Chris Christie’s 2016 presidential ambitions are waning. What he chooses to do after his relegation to the kiddie table in next week’s debate may show signs of where he might be going next. But even without those signs, it is interesting to speculate on what’s in store for him.
For this thought exercise, let’s assume that Christie is not indicted for Bridgegate or any other shenanigans that were his doing. While an indictment might put a crimp in his career, other Republicans have come out of bad situations pretty well. See: Richard Cheney, David Vitter.
If Senator Menendez, who is having his own legal problems, is forced to resign, Christie could appoint himself to fill out the rest of that term. This is an unlikely possibility. First, if Christie has any presidential ambitions beyond 2016, his record in the Senate could be a problem for him. I don’t think Christie would join the extreme crazy Tom Cotton wing of the Senate, so his votes could be used against him by both the Tea Party extreme and the Democrats. Also, Christie’s ego would not be served by being a junior member of a 100-person body.
Another possibility is that Christie is appointed U.S. Attorney General in a Republican administration. This would be an attractive option for him because it gives him visibility to stroke his ego. Given that the top GOP presidential contenders are bereft of leadership skills, Attorney General Christie could run roughshod over the Justice Department, and as Dick Cheney-lite could make a name for himself, whether or not it is deserved, as he did when he was the New Jersey federal attorney.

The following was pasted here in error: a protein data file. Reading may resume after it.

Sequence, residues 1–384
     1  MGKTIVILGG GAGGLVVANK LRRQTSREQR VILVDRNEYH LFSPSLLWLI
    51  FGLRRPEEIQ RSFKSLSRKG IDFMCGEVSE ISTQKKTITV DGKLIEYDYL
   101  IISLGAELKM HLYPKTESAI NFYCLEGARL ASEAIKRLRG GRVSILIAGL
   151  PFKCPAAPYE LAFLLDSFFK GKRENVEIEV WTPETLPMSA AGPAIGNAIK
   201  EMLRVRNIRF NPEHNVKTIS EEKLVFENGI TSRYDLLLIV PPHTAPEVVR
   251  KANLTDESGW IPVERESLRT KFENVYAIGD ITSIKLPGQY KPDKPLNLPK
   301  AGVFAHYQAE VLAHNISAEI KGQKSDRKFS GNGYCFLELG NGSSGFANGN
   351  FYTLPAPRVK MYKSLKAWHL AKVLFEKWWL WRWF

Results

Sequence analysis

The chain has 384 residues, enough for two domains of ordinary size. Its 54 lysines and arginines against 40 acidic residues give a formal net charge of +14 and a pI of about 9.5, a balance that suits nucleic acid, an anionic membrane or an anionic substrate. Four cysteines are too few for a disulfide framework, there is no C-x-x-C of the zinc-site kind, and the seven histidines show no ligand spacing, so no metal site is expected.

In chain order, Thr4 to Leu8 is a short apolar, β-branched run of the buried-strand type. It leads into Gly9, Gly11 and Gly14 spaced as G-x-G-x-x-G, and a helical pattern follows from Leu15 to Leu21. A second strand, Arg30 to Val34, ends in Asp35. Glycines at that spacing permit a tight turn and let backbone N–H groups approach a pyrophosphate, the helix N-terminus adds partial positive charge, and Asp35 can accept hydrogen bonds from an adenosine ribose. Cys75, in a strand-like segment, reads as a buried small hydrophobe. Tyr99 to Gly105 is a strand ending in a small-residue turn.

Of course, Christie could leave the public sector entirely (and temporarily) and reap big bucks as an oil lobbyist or Fox “News” commentator. He could have a book written by a ghost writer and remain visible on book tours. Since he would control the narrative, this scenario would also enable him to develop an image for a future presidential run.
One thing is certain. Christie wants to be president. He started his current quest the day he was sworn in as governor, much to the determent of the health, welfare, and safety of New Jerseyans. Now that his 2016 downfall is morphing into a 2020 or 2024 quest, what impact will that have on the people who foolishly gave him a second term?